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My objection is to the new concept that media has a duty to pursue their own biased versions of the truth (including treating their opinions as facts from which to spin their coverage) rather than to report on the facts and let others reach their own conclusions.

I agree.  Tell the facts about what Gore actually said, not the factually incorrect and biased versions that the media reported in 2000.  That's exactly what the Vanity Fair article did.

As far as the white elephant, you made a claim that Bush was treated more harshly than Gore.  I believe that calling out someone for something stupid that they did not do or say is harsh treatment.  That is what happened to Gore.  Calling out someone for something stupid that they did do or say is not harsh treatment, it is journalism. That is what happened to Bush, as you admit.  I asked for examples of harsh treatment, not reporting on actual shortcomings.

So if you don't have much interest in backing up your claim about Bush being treated more harshly, I won't ask you again.  But don't expect anyone to believe your claim if you refuse to back it up.



Seriati

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Re: History doesn't repeat - but it rhymes
« Reply #11 on: September 28, 2016, 01:14:25 PM »
Seriati said
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The media roasted Gore on that point, because Gore was a smarmy fellow that projected he should be elected because he was so much smarter than everyone else.  He self aggrandized repeatedly.

Again, wonderful narrative, zero facts.  Your opinion of Gore is unproveable, because it consists solely of subjective impressions.

And?   You seem to think that other people shouldn't have or express opinions.  I don't care if you accept my analysis of Gore, or can't even comprehend why it could be true, or more significantly could have been the impression people had.  You're certainly free to reach a different conclusion.  The point on this one, was to explain why that specific tactic was effective against Gore, but would not have been as effective against Bush, not to make substantive arguments of fact about Gore.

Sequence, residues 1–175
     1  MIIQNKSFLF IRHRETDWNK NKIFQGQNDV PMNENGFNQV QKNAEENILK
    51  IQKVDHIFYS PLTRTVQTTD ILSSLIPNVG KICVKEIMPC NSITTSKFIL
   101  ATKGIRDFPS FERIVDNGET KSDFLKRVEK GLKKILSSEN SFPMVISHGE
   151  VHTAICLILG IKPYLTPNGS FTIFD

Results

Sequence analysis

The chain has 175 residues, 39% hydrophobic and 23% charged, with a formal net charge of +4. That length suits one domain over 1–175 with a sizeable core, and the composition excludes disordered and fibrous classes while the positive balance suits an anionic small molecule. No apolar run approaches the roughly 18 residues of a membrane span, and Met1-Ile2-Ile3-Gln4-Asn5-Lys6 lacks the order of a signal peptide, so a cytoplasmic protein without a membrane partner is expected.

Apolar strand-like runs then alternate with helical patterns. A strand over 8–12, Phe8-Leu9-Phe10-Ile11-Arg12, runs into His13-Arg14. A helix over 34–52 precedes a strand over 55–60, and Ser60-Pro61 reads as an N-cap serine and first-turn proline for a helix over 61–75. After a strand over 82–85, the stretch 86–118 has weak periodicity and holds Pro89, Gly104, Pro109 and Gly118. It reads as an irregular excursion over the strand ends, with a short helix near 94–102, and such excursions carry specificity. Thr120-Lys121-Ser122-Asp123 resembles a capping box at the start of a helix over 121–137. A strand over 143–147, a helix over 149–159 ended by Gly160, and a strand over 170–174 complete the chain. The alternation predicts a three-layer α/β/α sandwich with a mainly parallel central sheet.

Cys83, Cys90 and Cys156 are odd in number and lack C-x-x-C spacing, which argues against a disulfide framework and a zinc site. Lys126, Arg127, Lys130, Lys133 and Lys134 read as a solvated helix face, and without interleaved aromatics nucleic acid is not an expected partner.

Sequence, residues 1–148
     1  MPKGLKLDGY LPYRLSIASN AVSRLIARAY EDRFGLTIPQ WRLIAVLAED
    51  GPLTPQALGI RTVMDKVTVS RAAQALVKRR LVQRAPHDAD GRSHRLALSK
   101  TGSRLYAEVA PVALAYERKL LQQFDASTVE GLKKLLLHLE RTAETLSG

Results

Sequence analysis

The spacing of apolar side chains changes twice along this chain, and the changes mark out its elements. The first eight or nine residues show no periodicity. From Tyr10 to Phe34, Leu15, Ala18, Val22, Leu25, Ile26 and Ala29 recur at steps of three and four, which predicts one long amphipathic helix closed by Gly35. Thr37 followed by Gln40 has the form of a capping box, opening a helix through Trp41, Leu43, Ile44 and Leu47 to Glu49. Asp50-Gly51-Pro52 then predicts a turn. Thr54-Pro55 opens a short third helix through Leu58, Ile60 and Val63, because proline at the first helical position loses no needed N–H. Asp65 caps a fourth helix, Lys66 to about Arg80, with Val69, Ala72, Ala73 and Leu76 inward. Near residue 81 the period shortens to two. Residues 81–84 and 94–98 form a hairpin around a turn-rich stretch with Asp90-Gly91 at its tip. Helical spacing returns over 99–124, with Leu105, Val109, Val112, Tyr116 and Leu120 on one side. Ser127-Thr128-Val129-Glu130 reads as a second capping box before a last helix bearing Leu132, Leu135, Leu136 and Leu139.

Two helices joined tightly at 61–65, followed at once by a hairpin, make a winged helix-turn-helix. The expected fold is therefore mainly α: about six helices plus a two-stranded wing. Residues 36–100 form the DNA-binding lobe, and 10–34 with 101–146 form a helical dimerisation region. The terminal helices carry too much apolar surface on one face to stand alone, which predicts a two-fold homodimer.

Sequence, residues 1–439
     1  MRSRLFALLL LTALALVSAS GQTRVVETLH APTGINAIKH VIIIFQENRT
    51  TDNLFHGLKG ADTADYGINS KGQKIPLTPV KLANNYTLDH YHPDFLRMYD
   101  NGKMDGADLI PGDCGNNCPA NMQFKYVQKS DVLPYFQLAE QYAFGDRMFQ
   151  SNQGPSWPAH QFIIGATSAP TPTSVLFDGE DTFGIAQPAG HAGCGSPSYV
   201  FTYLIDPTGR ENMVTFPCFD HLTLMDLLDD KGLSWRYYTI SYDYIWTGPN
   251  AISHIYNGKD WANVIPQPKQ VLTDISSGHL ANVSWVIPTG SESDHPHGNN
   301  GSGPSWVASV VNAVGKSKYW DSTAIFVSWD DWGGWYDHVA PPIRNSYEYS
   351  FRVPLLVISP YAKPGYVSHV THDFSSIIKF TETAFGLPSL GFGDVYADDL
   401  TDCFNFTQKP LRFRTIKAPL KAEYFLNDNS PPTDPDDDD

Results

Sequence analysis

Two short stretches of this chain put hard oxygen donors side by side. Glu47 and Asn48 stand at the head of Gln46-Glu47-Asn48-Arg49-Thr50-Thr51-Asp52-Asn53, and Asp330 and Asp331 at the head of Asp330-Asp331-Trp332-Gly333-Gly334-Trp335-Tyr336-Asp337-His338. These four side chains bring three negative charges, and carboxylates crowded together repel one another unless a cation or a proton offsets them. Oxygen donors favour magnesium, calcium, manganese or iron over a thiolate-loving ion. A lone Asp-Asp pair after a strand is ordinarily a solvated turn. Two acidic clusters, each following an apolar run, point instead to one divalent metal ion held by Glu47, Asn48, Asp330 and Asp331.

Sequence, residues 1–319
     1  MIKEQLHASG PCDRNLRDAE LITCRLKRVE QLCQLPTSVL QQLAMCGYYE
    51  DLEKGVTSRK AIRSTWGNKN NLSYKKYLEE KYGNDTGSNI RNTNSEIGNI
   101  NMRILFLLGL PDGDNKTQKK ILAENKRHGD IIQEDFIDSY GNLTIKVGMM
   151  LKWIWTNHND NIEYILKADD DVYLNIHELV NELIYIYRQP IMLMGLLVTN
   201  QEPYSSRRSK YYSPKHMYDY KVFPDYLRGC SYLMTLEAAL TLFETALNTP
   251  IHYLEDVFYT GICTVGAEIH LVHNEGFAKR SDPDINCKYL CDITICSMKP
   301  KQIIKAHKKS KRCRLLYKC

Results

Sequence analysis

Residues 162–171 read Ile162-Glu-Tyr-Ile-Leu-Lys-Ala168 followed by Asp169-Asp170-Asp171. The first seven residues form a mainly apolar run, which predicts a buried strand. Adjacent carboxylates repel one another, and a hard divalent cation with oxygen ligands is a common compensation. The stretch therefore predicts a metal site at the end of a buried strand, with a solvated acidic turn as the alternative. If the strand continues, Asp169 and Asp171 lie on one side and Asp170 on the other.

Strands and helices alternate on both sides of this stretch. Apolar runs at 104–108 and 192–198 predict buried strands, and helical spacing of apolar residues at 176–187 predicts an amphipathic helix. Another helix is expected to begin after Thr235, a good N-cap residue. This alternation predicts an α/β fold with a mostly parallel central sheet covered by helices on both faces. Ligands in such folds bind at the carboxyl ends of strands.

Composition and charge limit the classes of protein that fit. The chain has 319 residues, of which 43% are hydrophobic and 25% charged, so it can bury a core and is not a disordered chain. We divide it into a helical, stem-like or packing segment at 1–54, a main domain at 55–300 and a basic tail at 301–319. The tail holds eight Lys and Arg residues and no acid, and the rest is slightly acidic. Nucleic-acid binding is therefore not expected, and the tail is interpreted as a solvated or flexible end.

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Your argument is that Gore was smarmy so the media was justified in "roasting" him by propagating complete misrepresentations of the truth.

Except I never made any argument about anyone being justified.  That's just you projecting your own wishes about a strawman to argue against.

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"Inventing" the internet, discovering Love Canal, and the Love Story incident were proven to be substantive misquotes, taken out of context, or blown completely out of proportion.  You seem to think that there is a kernel of truth that Gore actually behaved as was reported, when in fact there is none.

You should limit yourself to what I said, rather than projecting about what I believe to be truth.  The vagueness in his own words is what led him into trouble, that's not a claim by anyone that the misquotes represented reality.